The Perfect Team

This team of twenty lives together twenty-four hours a day. They communicate without cell phones, blackberries or email. They come from diverse backgrounds and each member is the product of a different training system. They must share all resources including food, water and space. Despite living under what we would consider less than optimum conditions this team functions very efficiently and successfully meets its goals.

Horses have had a lot of time to perfect their team-building skills. Since the evolution of the first horse millions of years ago they have lived and survived in groups. Despite the fact that our horses have been domesticated for thousands of years they still have the instincts and responses of their wild ancestors.  Survival is a very clear goal that is shared by every horse in the herd and all behaviours in the herd are directed towards that goal.

This is a team that is committed to getting results. When your goal is survival you take accountability very seriously. If a herd member signals danger no one suggests that they schedule a series of meetings to discuss the issue; they go, they go fast, and they go together. This ability to move without hesitation as a unit is a result of the respect and trust among the herd members.

Every herd needs a leader. The herd leader is the horse that most consistently demonstrates calm self assurance and the ability to “walk the talk” Most people cannot identify the herd leader when observing the herd as his behavior is not overt. His function is not to micro-manage but to constantly scan and be aware of the environment around and within the herd. A herd is a dynamic entity that must constantly adjust its actions and behaviours to the changing environment in order to function efficiently and safely.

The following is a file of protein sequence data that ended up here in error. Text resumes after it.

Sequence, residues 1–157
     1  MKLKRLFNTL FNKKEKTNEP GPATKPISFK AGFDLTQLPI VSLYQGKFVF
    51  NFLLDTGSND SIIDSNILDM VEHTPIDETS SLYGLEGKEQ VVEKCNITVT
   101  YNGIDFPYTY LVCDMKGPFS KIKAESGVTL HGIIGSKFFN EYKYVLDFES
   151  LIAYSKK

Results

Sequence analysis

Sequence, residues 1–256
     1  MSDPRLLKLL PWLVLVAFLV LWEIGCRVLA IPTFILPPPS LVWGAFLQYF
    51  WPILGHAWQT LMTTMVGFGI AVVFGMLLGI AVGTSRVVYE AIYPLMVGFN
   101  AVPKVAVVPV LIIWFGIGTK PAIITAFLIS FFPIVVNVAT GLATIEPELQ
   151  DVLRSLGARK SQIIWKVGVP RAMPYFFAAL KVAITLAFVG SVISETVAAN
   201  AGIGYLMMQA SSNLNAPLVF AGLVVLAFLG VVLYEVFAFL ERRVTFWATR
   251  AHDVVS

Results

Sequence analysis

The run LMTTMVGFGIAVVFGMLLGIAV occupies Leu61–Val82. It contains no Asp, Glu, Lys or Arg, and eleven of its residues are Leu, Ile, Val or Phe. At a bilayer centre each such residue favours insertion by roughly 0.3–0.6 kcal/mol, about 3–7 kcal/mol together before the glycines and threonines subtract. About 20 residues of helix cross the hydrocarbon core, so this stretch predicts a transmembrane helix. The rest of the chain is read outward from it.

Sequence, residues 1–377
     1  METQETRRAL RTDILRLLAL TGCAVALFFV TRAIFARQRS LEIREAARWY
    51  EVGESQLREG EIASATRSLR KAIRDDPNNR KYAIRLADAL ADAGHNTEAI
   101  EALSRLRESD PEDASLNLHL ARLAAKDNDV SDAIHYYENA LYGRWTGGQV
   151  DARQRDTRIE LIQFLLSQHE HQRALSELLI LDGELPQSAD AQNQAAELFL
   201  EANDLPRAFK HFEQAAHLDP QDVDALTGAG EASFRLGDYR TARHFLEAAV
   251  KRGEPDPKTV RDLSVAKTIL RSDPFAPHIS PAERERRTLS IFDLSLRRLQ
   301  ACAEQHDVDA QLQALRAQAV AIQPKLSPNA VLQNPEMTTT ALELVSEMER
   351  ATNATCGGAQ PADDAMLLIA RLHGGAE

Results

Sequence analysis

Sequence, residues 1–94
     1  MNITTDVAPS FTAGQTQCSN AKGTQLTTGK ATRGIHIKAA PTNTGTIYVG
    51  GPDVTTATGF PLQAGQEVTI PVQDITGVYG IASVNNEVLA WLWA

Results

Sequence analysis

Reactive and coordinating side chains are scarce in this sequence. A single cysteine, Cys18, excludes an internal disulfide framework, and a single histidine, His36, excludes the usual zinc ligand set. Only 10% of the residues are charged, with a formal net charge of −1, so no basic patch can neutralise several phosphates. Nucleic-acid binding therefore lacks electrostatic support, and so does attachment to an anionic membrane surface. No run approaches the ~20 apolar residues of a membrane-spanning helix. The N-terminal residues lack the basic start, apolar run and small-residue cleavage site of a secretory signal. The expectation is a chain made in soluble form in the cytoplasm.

Observers are often shocked when they first watch horses interact. Horses assert leadership by pushing each other physically out of their space. This can involve biting and kicking and at times it can seem quite aggressive. This aggression is short-lived though and the two combatants are usually eating quietly side by side or grooming each other moments later. Horses, unlike humans, do not perceive conflict in the group as a win-lose scenario. When one horse asserts himself over another he then takes on the responsibility of providing leadership. The less dominant horse has not lost a battle as much as he has gained a leader. Conflict is a healthy and necessary component of group interaction.

I am not about to suggest that we all start pushing each other around at the office water cooler. There are lessons that we can learn however from the equine herd about trust and respect, communication, positive conflict and team leadership.

If you would like to learn more about creating and leading great teams you are welcome to spend some time in my back field.

Laura Hunter

"Horses want to see the same qualities of character in their leaders that we want to see in ourselves. It's simple: Being the better horse can develop the balance to becoming a better person."
Chris Irwin


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